• No interruptions – better for workflow, better for your mood

Without phone calls, and people calling in to ask you things, you have the chance to work in an uninterrupted, focused manner when you choose. You don’t have to get into the office 2 hours before your employees to concentrate on the paperwork that needs doing. Asynchronous means that you can answer communications, and send communications when it suits you. This not only means that you can have an uninterrupted workflow but also that you are in exactly the right frame of mind when you do choose to communicate. Would you believe that interruptions can often make you less polite when answering “urgent” queries – not good for team morale?

  • Documentation & Record of Communication

Documentation and proof of what has been verbally discussed are vitally important. So much so that even what synchronous communication there is often someone to record what was actually said. From the traditional minutes taking in meetings, to video calls with automated transcriptions there is a need. With asynchronous communication, it’s recorded by default. You have a written record – good for covering yourself and good for checking back. An automatically created record is achieved with no need for extra resources, no need for your own heavily overworked memory to be on top form, and no need to type up an abstract or summary. You can track internal processes or conversations with clients. Whilst this doesn’t cover all your official documentation needs, it is still a huge advantage.

  • Improves planning.

For many of the reasons above,  no interruptions, no need for instant replies, etc. asynchronous communications allow for better more accurate planning of your workday. A proactive, organized, and efficient day, rather than a reaction to the other things coming your way.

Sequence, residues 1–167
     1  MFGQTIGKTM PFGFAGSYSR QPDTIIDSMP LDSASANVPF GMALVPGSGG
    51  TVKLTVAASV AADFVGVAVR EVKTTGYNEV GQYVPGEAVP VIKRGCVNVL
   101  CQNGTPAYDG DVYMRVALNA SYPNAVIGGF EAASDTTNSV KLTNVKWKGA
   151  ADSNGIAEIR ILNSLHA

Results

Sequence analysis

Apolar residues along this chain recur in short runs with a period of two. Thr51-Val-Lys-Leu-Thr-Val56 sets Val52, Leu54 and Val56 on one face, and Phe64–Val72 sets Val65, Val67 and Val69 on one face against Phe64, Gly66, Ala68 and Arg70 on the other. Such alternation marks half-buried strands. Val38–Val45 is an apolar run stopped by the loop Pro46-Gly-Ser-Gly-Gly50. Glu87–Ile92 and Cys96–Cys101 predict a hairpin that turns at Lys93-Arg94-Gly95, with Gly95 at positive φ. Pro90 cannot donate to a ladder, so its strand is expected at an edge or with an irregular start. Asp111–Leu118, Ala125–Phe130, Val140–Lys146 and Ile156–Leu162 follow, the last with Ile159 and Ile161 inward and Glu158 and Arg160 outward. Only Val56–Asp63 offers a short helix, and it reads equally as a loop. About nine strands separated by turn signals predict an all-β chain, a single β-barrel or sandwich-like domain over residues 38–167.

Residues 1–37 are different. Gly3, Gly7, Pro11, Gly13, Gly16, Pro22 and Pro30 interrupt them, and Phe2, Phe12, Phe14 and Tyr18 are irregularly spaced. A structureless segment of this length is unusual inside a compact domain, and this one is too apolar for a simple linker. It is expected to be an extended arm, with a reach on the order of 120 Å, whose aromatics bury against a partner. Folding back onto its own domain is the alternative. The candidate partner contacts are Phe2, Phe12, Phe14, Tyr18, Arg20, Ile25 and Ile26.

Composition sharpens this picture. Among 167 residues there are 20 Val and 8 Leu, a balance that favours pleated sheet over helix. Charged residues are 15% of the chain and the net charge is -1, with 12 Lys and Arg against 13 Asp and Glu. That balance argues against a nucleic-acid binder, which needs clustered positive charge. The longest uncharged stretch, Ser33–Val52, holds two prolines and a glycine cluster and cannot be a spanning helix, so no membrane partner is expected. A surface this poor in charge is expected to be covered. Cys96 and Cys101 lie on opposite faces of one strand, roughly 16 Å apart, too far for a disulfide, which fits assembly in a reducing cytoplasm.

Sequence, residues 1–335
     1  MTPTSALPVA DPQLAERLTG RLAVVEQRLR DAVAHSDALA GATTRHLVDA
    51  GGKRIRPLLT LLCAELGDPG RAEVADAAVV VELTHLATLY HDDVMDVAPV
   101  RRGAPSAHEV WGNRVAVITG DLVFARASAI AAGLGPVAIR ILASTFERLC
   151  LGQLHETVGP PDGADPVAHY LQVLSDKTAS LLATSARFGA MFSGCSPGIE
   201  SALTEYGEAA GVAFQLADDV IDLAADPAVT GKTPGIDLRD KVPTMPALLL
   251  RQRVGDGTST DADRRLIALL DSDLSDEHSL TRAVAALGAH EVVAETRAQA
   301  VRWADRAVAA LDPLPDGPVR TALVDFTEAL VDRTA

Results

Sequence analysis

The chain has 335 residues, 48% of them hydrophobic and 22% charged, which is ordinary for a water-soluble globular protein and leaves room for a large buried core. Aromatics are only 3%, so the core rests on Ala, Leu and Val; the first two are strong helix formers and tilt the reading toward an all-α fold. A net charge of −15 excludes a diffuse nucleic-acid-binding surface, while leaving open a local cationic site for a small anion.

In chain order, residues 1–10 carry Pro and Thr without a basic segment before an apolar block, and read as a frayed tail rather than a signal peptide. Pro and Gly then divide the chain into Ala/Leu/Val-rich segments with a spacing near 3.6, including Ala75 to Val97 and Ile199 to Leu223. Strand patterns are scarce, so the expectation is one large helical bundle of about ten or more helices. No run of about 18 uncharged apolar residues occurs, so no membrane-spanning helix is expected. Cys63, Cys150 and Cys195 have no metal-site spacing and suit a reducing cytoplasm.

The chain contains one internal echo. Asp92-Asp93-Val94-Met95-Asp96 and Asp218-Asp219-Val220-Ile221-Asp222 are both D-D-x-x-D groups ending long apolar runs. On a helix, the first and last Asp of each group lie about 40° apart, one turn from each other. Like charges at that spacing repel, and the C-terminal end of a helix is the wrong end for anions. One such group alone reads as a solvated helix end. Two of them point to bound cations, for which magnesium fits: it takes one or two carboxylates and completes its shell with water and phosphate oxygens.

Disadvantages of Asynchronous Communication – and what can be done.

There are clear advantages of asynchronous communication but it is only fair to address some of the potential disadvantages too.

  • Social isolation.

A commonly held belief is that social isolation is a real issue, especially amongst remote workers. It is right to say that not all remote workers have chosen that form of employment and many miss the interpersonal work relationships that they are used to. The chit-chat in the lift, the small talk during a break, the subconscious team-building of just being around others and feeling part of everything. Whilst it’s true that asynchronous communication lacks that traditional cut and thrust, that doesn’t mean it’s impossible to generate an atmosphere of the team.

Good managers are thinking outside the box are organizing alternative situations to generate the office vibe, or at least compensate for it in some small way. This could include synchronous meetups, and increased use of asynchronous communication doesn’t rule out synchronous. It is also worth pointing out that whilst you may not be able to generate the usual workplace situation you do have more time and flexibility in your personal life.

  • Time & delayed responses

Sometimes you can do without a delayed response, no matter how well thought through or beautifully written. In a practical context, there are times when you can’t afford to wait for a response, you need a decision or an answer right now. Fair enough. In this situation, synchronous works so use it. The idea of asynchronous is that it has advantages not that it is a universal cure-all for all communicative problems. Choose the best method for that instance, just don’t go synchronous out of habit if it’s not necessary.

  • Lack of Spontaneity.